Looking at the cash flow projections, this would give the client a fund value in the region of £618,000 at retirement age, so would offer an income in the region of £25,000 per annum.
The client therefore did not want to spend more of his capital value on a boat, because this would reduce his retirement income and I could see his point.
However, we only get one shot at life and I do not think we should leave this planet with ‘what if’ regrets. So we had further discussions about what retirement would look like, with or without a boat.
Clearly this chap and his wife had loved boats in the past and had a yacht magazine lying around under the coffee table, so I asked him to show me what he would like if he had additional cash.
I was expecting him to point to a mega yacht but this guy had a clear vision of what he wanted and said, pointing at a picture, “something like this would be perfect”.
A 37’ 8” Bavaria 36, six berth cruiser, with two aft cabins and double fore cabin, powered by a Volvo 30hp diesel engine in excellent condition, priced around £65,000.
He and his wife could take out friends and family and entertain on the yacht. A nice vision of retirement.
Clearly he did not want to take this amount from his savings on retirement, so I suggested he could be a bit smarter with his money and, if his current adviser was not able to help, perhaps I could?
One solution I hear from advisors in the financial press, is the client could consider taking more investment risk with their money to generate additional returns but I do not buy into this approach whatsoever. There are other ways!
This chap’s financial adviser worked for a national restricted advice firm, which meant the adviser could only advise on that company’s chosen proposition. He could not offer independent advice or go outside the companies remit. This meant the client was being disadvantaged and shoehorned into a product that the wealth manager offered.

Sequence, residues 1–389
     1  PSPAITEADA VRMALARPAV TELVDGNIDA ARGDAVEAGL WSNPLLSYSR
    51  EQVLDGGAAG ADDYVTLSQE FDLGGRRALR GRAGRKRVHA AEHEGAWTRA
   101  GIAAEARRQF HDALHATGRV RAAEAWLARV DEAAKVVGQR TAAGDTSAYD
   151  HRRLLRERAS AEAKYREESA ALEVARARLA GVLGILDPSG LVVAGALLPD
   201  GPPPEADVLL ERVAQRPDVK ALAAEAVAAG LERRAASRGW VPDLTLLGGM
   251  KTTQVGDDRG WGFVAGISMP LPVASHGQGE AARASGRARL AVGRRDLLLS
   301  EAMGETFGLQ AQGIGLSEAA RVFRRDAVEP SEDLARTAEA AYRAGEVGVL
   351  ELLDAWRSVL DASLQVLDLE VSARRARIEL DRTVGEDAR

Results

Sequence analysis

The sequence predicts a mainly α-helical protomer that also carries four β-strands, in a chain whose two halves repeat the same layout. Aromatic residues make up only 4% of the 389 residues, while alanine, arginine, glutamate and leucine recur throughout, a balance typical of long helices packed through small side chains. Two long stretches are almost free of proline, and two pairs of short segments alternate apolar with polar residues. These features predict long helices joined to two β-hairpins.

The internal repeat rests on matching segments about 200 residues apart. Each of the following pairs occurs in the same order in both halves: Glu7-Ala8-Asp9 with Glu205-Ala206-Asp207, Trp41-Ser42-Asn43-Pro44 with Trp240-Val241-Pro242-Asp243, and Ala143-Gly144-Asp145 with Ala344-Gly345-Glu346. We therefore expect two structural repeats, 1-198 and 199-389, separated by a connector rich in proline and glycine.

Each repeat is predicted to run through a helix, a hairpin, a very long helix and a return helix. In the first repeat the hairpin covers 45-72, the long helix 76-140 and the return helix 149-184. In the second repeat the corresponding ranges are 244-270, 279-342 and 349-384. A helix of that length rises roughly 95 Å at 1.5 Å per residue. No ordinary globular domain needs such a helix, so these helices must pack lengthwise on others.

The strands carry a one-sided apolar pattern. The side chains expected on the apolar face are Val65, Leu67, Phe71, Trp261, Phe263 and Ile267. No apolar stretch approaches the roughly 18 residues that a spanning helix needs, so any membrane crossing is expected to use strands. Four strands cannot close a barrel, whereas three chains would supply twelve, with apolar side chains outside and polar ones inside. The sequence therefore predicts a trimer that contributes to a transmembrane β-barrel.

When I reviewed the portfolio, the average cost being taken out of the clients’ money each year was 2.05%.
Clearly the client was comfortable with performance and service, but when we ran the cash flow forecasts, he had not realised the impact those fees were having on his long term wealth. Why would he? His adviser was not going to tell him he could be financially better off going elsewhere for advice!
I suggested a more transparent and financially efficient approach to investment which had lower investment charges, but still had the same expected returns of 6% for the same investment risk profile.
The total industry charges, including my fees were 0.95% per annum.
As lower fees were being taken from the client’s funds each year, this meant more wealth was left in the portfolio to compound.
This little change meant that the projected fund value at age 68 would be in the region of £728,000 and not the current projection of £618,000. That’s a difference of £110,000.
That’s a nice boat and it’s not cost the client a penny extra.
If you would like to consider how you could generate extra money from your portfolio and make your dream come true… let’s have a conversation.